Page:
As of the time I am writing this review, there are two main problems that teenagers are facing: questioning their sexuality and the feelings of depression. From what I have seen in my almost eighteen years of life, it is quite sad a depressing to think about those that are left alone, isolated from the world because they feel that no one understands them, that no one can be their for them. If a teenager is questioning his sexuality, then he/ she feels even more alone if the parents try to tell him that he is just confused, doesnâ(TM)t know what it is that he/ she is talking about. So, what do people do when they feel like they are not wanted? They either tend to get depressed and/or suicidal or find others like them so that they donâ(TM)t feel alone. Suicide Room is a film that handles these themes and offers one of the most bleak looks into the life of a homosexual teenager that is stuck in a world where he is not wanted and the addiction to a false reality that consumes him. Dommink was, at first, like any other teenager: friends, popularity, parents, name it. His parents are always working, so there is that huge wall that separates them and to make him feel loved, he is allowed to get everything he has ever wanted. Thus creating a spoiled brat. Now, go to his schoolâ(TM)s prom set one hundred days before their final exams. While having a few drinks and smoking a bit, he does this dare in which he has to make out with one of his friends. However, while doing so, he starts to realize that he is actually gay. And once footage of the two of them kissing hitâ(TM)s the internet, it is safe to say that all hell breaks wide open in his mind as he starts this downward spiral of hatred and isolation. His parents? Donâ(TM)t care. His friends? Rejected him. Alone and confused, he learns of a game called â~Suicide Roomâ(TM) where there are teenagers like him that are wanting an escape. The rest of the film only gets darker and darker from that point on. One thing about the film in general that I must applaud on is how serious and bleak director Jan Komasa takes the material. From viewing this film, it is clear that he does have a deep understanding of the themes, knows how serious the situations are, and is never afraid to show how things really are. As a bisexual teenager and someone who knows people that are beyond similar to Dommink, regardless if it is with sexuality and/or internet addiction, this is heavily appreciated. He is not afraid to show how teenagers are treated in todayâ(TM)s society and this is something that the world needs to see. Now, for Jakub Gierszalâ(TM)s performance in this film as Dommink, I am pretty much glad to say that he does his job well and with dignity with a touch of realism. I personally feel that he captures the mental mindset of how teenagers work in these situations and presents a clear picture of all of this. Being the first time I have seen him perform, I am beyond thrilled by this performance. I donâ(TM)t really have much to say other then: this is probably one of the most important films in recent years that involves teenagers. Films rarely touch down into this dark of subject matter (teenage isolation and insanity), and for a film that also adds the themes of sexuality confusion and addiction, this film just captures it all perfectly.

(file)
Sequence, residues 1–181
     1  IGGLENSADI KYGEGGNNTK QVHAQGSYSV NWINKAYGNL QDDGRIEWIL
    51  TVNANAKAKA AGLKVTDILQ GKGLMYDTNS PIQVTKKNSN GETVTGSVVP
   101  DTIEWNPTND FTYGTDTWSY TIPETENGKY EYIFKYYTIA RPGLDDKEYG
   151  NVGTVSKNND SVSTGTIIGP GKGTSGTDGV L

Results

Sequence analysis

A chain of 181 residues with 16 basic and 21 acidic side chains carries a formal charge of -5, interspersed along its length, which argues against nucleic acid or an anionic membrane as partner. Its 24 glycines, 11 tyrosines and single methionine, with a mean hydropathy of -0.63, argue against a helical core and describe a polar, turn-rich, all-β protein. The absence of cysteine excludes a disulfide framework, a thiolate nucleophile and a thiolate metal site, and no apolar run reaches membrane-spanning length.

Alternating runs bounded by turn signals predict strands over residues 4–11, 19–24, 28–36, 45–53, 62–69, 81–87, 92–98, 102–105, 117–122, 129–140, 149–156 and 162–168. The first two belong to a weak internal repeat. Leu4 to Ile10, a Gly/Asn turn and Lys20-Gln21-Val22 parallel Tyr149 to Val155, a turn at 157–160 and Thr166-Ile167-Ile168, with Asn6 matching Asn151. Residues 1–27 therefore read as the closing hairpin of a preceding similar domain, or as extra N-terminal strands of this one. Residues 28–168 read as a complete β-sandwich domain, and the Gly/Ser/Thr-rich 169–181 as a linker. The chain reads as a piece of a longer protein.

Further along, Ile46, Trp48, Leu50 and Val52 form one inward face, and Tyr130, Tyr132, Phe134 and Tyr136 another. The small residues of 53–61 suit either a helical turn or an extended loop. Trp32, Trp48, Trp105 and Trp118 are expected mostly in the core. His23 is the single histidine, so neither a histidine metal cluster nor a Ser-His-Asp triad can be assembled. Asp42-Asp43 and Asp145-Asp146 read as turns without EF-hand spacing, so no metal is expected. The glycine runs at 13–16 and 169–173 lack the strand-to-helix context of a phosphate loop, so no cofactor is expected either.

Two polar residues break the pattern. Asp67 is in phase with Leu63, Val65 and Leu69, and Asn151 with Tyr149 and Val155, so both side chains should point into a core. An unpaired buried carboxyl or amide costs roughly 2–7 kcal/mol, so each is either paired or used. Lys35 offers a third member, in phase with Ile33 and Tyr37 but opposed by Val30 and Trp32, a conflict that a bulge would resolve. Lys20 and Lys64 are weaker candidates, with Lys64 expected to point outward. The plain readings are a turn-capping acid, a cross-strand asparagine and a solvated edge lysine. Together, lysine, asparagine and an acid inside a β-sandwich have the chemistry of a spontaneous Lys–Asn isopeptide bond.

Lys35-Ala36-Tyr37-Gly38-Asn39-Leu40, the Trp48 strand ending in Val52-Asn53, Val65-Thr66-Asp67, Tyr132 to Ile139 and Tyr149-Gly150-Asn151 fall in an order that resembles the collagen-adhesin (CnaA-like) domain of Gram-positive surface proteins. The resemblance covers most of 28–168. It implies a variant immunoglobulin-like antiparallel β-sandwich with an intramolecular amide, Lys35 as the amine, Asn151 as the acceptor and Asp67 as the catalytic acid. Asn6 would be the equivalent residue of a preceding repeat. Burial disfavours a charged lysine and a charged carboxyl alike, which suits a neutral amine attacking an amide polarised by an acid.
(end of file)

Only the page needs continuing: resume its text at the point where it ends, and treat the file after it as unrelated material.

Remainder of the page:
Zach Brehany
Zach Brehany

Super Reviewer